Amit Goswami in his The Self-Aware Universewrites about the half-second time lag between our conscious experience of something and our secondary awareness arising (verbal thought) with which comes "the arising of the ego-self/I-am-this" type of introspection. This meshes well with research revealing that our brain presents to our awareness only a tiny percentage of incoming stimuli.
Table 1 below, based on data from Zimmerman (1989) demonstrates the bandwidth differences.
Sensory system (in bits/second)
Total bandwidth Conscious bandwidth
Eyes 10,000,000 40
Ears 100,000 30
Skin 1,000,000 5
Taste 1,000 1
Smell 100, 1
*** Table 1: information flow in sensory systems and conscious perception
from Dylan W. (1999). The half-second delay: what follows?1
Quoting from Libet, B. (1981). "The experimental evidence for a subjective referral of a sensory experience backwards in time." Philosophy of Science, 48, 182-197:
"A half-second lag occurs between the raw stimulus and our self-referencing capabilities, but the brain adjusts so that our conscious awareness and the original experience appear simultaneous. What therefore appears as a direct link from the environment is actually a filtered and prepared view by our unconscious."
Consciousness requires energy expenditures that unconscious stimuli do not, so inherited and acquired experiential filters automate various aspects of our sensory input. Thus we don’t have to expend our limited energy supply on unnecessary details. Also our consciousness lags about a half-second behind our raw perceptions. This delay is the price we pay for ‘knowing we know that we know’ – that self-referencing loop that makes us human, and is both our blessing and our curse. We ate from the Tree of Knowledge of Good and Evil, and suddenly ‘knew’ we were naked!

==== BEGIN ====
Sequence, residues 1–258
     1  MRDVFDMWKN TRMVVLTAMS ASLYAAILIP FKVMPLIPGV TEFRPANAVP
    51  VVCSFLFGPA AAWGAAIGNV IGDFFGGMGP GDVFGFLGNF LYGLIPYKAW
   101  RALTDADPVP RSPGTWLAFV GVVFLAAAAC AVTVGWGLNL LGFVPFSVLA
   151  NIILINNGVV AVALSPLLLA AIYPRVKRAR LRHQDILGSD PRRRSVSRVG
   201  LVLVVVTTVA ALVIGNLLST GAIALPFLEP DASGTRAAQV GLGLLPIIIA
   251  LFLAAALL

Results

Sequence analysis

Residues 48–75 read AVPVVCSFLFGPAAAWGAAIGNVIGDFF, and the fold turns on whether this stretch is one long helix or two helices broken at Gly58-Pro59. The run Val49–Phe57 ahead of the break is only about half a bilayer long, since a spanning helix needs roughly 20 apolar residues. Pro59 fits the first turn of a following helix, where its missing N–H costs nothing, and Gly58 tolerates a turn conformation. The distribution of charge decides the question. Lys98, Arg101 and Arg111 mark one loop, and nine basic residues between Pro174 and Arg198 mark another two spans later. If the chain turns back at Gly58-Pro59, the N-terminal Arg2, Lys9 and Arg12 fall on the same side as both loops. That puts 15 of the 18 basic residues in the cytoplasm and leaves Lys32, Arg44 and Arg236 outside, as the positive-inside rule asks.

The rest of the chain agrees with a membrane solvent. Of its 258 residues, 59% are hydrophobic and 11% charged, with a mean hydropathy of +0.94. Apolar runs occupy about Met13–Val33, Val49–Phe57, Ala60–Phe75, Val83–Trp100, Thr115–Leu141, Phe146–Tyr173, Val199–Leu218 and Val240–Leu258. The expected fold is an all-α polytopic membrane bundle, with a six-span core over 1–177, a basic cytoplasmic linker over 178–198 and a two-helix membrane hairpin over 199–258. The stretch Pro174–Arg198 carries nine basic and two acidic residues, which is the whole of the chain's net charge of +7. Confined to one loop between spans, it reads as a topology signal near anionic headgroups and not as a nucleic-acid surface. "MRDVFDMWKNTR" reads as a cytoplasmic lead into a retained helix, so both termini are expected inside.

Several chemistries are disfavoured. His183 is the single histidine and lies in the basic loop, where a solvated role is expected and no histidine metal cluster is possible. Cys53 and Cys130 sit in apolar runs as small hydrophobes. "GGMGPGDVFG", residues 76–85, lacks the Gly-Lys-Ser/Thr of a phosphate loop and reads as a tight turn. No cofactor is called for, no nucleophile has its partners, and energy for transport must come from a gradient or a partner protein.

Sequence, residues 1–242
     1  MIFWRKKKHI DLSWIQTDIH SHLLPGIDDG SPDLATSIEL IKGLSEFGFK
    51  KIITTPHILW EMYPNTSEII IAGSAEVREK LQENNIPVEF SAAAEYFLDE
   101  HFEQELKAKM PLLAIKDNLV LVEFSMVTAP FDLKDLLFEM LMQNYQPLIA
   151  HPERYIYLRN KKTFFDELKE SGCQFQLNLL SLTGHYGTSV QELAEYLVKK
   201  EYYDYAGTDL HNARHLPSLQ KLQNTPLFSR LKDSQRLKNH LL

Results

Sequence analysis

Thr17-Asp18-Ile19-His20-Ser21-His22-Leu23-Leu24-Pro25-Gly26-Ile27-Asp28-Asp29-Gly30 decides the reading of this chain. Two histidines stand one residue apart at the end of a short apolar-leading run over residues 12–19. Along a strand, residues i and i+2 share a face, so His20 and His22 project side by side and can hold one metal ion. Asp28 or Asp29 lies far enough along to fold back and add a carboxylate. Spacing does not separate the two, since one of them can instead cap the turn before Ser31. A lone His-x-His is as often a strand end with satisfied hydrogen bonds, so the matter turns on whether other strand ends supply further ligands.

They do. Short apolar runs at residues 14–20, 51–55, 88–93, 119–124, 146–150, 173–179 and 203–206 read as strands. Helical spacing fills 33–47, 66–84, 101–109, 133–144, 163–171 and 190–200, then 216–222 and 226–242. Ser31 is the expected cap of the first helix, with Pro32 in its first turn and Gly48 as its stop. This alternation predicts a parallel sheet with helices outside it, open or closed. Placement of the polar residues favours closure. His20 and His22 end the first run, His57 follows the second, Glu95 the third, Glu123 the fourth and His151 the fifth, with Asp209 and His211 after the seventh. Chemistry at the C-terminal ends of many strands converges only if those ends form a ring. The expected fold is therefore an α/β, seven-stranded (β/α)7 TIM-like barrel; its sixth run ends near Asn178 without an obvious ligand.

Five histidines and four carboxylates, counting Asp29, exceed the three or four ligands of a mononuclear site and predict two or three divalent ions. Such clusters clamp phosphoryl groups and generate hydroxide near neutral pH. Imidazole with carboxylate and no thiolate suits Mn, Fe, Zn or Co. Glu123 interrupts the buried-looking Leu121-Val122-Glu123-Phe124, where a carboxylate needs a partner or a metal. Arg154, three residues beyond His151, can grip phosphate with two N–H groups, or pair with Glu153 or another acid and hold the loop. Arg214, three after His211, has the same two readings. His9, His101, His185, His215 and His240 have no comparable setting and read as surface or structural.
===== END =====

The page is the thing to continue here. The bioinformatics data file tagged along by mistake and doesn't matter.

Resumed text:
Quoting from Goswami:
"Our preoccupation with the secondary processes (indicated by the time lag) makes it difficult to be aware of our quantum self and to experience the pure mental states that are accessible at the quantum level of our operation. Many meditation practices are intended to eliminate the time lag to put us directly in touch with these pure mental states in their suchness (tathagata in Sanskrit). Evidence (albeit tentative) shows that meditation reduces the time lag between the primary and the secondary processes."
I've been experimenting with a tiny time lag in breath awareness, (dscribed as a so-called 'backbeat) placing the awareness thus 'behind' the breath - classically stated 'from whence the breath arises.' But now I thought, 'What if I try to place my awareness one-half second ahead of the breath?' It sounds odd, but there does seem to be a easy way to do this - and it brings me back to a surfing metaphor I have used before, where you situate yourself right on the front shoulder of the breath wave.
Since our primary process perception already exists one-half second ahead of the secondary 'ego-grab' - it's not so much placing our awareness one-half second 'ahead,' but just merging what what is already occurring. I think most of nature and animal awareness lives on that 'front shoulder of the Now' already. So we 'relax into pure perception,' and the 'I' dissolves.
The minute anything is done to change the relaxed breath, either 'prior' or 'post,' the mind becomes very interested in watching it... and you've snagged its attention.